by Chris Durst
Working from home is wonderful, but managing your work relationships with your boss and colleagues is pretty different than in the traditional “shared workspace” arrangements most of us are used to.
Here are a few tips to help ensure your success as a home-based worker:
1. Understand your boss’s expectations and know how your performance will be measured.
Clearly understood expectations between you and your manager are imperative for successful telecommuting. Discuss these goals and ask your manager how the success of the telecommuting arrangement will be measured. Without benchmarks, you cannot quantify your success and that could mean you’re jumping into a game with no rules and that cannot be won.
2. Establish a reporting system.
Keeping your supervisor up to date on your progress and informing him or her of any difficulties is critical to a successful telecommuting arrangement. Set up a regular “check-in” schedule with your manager and keep those appointments.
Even if the call is just to say, “everything’s fine,” it will help keep the relationship running smoothly.
3. Answer your phone!
In the early stages of a home-based work arrangement managers are more likely to pick up the phone to “hear that you are present” and within their grasp.
Failure to answer the phone breeds concern and skepticism in managers, but answering it will help reassure them that you are there for them and working as expected.
4. Reply to emails and voicemails
See 3 for reasons.
5. Keep the radio and television off and the kids and pets quiet.
When you are on a conference call with your colleagues back at the office, the sounds of daytime television playing in the background aren’t likely to win you any respect, and may cause jealousy among your peers. “We’re stuck in 8×8 cubicles, and he’s home watching TV!”
Also, if you are speaking with customers, household noise sends all the wrong messages.
6. Visit the office on a regular basis (if geographically possible, of course)
According to one UCLA study, 93 percent of communication effectiveness is determined by nonverbal cues. That being the case, it’s important to show up in person periodically to remind your boss and colleagues of who you “really are.” Seeing you in person can help them to visualize you in your absence.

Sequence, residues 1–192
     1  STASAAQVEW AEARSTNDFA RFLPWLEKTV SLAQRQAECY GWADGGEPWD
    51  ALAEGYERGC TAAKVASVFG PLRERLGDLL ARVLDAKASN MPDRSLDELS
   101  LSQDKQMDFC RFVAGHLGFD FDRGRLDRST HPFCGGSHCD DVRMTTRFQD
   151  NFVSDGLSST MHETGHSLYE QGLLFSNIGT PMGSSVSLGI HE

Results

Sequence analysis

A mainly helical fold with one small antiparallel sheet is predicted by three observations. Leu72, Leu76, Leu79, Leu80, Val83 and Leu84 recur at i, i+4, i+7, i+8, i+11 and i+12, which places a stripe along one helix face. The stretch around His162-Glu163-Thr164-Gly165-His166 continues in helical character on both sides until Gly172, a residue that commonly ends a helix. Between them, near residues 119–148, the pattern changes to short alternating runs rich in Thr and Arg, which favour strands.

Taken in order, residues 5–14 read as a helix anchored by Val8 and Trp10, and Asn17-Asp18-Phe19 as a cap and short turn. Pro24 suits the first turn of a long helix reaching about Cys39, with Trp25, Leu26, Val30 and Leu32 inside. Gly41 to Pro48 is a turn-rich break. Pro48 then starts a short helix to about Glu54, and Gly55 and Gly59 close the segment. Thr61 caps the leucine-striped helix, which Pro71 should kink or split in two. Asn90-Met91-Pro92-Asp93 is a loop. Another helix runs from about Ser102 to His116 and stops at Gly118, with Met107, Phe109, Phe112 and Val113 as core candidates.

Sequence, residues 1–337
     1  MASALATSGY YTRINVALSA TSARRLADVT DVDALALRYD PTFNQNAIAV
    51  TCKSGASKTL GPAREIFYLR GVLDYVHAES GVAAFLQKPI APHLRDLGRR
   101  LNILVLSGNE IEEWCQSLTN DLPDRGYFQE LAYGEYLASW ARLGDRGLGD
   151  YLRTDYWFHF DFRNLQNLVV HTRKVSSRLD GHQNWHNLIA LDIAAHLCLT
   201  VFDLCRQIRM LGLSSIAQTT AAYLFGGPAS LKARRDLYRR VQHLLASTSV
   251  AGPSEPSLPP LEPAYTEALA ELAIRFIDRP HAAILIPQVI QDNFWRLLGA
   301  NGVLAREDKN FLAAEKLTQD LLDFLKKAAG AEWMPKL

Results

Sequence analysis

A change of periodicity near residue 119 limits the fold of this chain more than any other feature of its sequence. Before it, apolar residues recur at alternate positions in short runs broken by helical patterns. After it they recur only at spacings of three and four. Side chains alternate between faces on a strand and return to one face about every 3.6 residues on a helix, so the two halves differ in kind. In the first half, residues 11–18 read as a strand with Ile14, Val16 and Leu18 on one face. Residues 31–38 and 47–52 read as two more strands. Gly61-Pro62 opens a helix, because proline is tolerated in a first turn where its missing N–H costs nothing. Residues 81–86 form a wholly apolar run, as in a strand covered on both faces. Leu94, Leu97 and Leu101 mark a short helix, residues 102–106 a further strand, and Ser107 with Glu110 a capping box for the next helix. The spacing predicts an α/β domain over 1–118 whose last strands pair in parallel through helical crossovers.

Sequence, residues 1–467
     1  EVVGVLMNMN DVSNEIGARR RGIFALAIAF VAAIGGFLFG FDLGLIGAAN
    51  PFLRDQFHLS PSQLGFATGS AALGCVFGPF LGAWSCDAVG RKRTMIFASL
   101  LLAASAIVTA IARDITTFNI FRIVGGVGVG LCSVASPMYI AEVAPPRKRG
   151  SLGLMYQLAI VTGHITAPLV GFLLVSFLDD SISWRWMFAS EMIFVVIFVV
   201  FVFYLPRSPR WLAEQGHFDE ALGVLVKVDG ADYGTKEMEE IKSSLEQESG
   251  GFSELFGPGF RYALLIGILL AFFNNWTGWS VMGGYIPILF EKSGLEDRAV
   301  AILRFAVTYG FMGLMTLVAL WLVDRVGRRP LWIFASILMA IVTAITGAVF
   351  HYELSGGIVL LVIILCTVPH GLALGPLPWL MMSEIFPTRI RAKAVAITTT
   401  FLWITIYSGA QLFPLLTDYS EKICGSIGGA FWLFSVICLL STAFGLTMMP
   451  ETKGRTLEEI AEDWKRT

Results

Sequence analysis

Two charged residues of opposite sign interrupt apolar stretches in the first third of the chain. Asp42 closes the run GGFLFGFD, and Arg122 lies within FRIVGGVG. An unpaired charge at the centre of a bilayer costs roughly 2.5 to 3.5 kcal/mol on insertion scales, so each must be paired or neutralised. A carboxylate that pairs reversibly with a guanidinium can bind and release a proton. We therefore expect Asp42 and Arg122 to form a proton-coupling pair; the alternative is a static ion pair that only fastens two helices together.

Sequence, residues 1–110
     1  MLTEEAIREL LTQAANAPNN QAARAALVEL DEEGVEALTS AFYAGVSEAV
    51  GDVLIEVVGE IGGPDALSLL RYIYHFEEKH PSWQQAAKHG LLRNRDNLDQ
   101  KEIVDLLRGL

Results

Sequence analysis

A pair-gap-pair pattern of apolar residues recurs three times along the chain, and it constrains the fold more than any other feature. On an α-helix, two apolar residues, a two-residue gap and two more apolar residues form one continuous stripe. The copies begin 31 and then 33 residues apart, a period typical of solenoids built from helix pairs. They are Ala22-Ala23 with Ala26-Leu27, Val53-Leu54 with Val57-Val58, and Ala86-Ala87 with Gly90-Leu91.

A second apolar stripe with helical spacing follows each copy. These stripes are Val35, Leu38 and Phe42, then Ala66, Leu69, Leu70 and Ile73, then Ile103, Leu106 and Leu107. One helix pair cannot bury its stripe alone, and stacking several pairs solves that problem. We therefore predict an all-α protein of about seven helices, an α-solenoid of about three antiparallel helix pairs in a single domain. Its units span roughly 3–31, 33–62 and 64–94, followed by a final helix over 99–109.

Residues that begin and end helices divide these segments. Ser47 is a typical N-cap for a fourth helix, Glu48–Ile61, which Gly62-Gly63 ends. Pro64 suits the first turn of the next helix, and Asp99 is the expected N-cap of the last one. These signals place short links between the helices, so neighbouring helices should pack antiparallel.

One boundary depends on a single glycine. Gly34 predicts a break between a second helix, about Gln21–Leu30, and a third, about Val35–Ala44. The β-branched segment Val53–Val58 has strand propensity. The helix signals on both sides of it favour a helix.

7. Know and use your technology well.
Tools and technology are the enablers of most home-based workers – use them well, and you can make the distance disappear. Use them poorly, and you can make your home-based work arrangement disappear! If you don’t understand the technology, it’s likely to become a distraction that will consume your time and energy.
8. Make sure the family understands that you are home, but you are working.
One of the most difficult hurdles home-based workers face is getting friends and family to understand that while you’re home, you are not at their disposal. Be prepared for calls that start with, “Since you’re home anyway, could you….” and have a response that will remind those individuals that you are working even though you are not “at work.”
9. Don’t overdo it.
People who work from home tend to log longer hours than their office-based counterparts. Remind yourself to get up and get out periodically, or you’ll find you’re throwing your work-life balance out of kilter. If you used to leave your office at 5:30, then do the same when you’re working from home. Eat well, exercise, and get up to stretch throughout the day.
10. Get dressed!
Contrary to pictures you may have seen, working in your PJs is not generally conducive to productive work practices. For most people, wearing what they slept in makes them feel sleepy. You don’t have to wear a suit, but most successful teleworkers report that “getting ready for work” sets the tone for a more productive day.